Comedian ditches race jokes, turns to green issues
(This article was published in the Weekend Argus, a weekly newspaper in the Western Cape province, South Africa, on March 20 2016.)
Written by Yazeed Kamaldien
Racial stereotypes often dominate comedy shows, seconded by stabs at politicians, but likely won’t feature when a local comedian abandons these overdone one-liners.
Cape Town-based comedian Nik Rabinowitz believes South Africans “don’t find that stuff funny anymore” when it comes to racial issues, which have in recent months taken centre stage in national debates.
His new show, Power Struggle, will instead focus on environmental issues.
“It’s the story of power through the ages. Not political power,” says Rabinowitz.
“I’ve put a lot of energy into political power. Now I’m putting my energy into energy.”
Rabinowitz has collaborated with a host of writers on the show’s script.
Power Struggle producer Sam Hendrikse has meanwhile connected the comedian with New York-based theatre director Daniel Kutner.
Rabinowitz says working with Kutner is a chance to “stretch” himself.
“I’ve been wanting for a while to add an international dimension to my stuff, which has been local,” he says.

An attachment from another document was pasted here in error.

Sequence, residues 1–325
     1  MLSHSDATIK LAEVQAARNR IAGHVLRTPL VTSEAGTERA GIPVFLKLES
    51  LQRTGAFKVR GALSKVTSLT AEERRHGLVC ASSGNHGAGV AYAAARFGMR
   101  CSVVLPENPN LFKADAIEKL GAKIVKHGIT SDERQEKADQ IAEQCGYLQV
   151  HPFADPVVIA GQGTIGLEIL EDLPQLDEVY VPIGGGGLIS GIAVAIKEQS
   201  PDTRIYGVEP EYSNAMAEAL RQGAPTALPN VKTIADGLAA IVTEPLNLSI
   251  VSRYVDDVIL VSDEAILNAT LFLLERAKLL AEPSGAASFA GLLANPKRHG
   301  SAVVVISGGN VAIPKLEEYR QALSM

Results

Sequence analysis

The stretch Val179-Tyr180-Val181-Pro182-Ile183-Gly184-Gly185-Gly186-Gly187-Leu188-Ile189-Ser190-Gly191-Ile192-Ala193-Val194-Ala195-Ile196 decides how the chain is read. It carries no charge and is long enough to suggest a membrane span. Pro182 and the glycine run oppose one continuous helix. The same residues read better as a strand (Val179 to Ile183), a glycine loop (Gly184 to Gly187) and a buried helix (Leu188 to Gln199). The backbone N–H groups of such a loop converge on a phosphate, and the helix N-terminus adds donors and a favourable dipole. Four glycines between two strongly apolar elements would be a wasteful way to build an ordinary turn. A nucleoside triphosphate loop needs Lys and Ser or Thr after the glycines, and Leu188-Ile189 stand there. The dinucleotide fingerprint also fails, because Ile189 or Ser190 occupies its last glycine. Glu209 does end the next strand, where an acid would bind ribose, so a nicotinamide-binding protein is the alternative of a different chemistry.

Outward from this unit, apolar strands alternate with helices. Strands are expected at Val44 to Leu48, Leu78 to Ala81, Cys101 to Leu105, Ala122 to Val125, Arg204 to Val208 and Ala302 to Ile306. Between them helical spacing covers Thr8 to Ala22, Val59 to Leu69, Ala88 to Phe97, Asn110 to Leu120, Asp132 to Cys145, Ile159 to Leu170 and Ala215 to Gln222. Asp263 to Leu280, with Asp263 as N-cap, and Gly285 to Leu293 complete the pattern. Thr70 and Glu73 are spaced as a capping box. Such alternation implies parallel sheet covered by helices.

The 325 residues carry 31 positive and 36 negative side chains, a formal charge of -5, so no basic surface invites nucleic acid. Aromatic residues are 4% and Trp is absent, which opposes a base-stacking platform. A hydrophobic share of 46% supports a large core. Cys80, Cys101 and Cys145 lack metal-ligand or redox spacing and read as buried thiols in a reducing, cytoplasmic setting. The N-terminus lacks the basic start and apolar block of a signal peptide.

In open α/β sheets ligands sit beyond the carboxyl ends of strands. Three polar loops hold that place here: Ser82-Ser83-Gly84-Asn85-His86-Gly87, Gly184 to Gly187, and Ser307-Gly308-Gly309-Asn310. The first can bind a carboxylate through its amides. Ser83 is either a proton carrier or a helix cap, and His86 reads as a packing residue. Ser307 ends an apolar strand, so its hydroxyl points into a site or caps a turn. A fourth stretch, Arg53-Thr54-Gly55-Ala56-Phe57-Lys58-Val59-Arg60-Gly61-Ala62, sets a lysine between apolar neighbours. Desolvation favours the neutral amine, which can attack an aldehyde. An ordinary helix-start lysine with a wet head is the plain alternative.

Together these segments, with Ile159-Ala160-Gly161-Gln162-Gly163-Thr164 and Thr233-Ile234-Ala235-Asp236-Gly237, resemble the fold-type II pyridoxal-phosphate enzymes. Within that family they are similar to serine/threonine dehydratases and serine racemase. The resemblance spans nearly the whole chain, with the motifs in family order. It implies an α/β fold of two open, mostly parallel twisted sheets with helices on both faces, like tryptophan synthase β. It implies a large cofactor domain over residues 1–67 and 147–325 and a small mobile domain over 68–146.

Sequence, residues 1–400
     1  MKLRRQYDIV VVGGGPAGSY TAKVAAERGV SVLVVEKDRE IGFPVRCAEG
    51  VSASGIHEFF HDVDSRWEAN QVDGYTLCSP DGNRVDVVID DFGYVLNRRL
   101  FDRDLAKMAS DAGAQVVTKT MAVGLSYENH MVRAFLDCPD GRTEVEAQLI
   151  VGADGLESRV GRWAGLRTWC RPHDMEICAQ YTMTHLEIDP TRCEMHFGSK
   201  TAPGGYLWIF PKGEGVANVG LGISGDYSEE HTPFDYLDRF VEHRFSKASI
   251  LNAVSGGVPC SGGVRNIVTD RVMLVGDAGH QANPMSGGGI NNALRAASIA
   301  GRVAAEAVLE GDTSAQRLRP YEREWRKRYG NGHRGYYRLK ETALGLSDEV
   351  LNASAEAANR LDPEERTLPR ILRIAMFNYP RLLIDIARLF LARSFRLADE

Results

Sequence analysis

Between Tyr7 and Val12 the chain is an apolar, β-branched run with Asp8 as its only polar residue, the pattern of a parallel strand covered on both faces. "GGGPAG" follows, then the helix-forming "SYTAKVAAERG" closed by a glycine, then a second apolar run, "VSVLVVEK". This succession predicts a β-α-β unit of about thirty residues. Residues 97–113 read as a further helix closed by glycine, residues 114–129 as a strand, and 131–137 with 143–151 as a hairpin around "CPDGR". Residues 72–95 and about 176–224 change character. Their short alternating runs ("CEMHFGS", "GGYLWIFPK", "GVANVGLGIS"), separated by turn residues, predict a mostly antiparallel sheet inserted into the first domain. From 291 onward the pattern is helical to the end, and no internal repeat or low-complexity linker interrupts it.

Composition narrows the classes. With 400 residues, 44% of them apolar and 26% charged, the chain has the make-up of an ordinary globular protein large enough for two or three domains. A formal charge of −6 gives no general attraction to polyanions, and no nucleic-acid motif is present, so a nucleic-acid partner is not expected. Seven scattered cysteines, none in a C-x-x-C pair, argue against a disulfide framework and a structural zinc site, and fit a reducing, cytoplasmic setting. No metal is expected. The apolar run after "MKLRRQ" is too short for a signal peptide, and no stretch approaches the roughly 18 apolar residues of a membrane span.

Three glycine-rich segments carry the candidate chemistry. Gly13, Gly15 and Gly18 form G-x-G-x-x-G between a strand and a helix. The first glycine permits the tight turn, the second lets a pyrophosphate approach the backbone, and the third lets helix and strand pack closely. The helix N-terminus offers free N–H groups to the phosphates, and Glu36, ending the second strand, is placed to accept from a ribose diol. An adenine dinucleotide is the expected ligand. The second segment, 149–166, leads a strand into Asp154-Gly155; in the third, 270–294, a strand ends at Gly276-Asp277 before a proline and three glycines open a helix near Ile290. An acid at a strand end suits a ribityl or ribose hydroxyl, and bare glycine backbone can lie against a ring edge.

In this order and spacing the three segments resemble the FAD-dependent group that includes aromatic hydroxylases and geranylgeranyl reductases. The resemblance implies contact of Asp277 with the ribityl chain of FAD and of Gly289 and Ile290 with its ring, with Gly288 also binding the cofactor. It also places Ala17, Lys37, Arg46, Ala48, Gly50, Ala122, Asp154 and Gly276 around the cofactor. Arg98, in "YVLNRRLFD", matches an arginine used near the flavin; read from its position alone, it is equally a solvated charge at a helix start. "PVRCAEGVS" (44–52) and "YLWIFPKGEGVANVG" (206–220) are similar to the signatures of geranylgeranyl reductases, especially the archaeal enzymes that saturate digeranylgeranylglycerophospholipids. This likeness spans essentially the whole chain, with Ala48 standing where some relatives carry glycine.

Their intention is to produce a show that can travel beyond South African borders. It’s bound to also get audiences thinking about the environment.
“We get into buzzwords. What is global warming? Is that just a fancy name for summer?” says Rabinowitz.
“Ice caps are melting, polar bears are drowning, bees are dying. There’s all this stuff and a low level of anxiety.
“The idea was to create a show that looks at these issues but is also renewable energy. We want to promote these ways of using energy.
“I talk about all these things. I’ve done a lot of research on this show, on Wikipedia.”
For Kutner, this is the first comedy show he is directing. He explains the show is about a father thinking about the future of his child.
“This conversation about power starts with Nik being alone with his infant daughter for the first time when his wife goes to the book club,” says Kutner.
“There’s anxiety festering in him and he wonders what type of world his daughter would inherit.”
Hendrikse says he saw Rabinowitz a few years ago and now working with him wanted to “push it further”.
Hendrikse says he wanted to do something different, as since the start of democracy in 1994 the country’s comedic “content has always been the same”.
“It’s been race and do we need to have another show about how different we are?” asks Henrikse.
“I think most South African comedy is crap. It just reinforces stereotypes and issues we are trying to get past. This show is about bigger things.
“We live in a country where there’s load shedding, climate change, drought. If you are a parent these are things that are important to you. You are considering more than just yourself.”
Hendrikse says they want to take their show global too.
“We want to be in Japan, New Yorn and London,” he says.
Power Struggle runs at the Baxter Theatre from March 29 to April 16.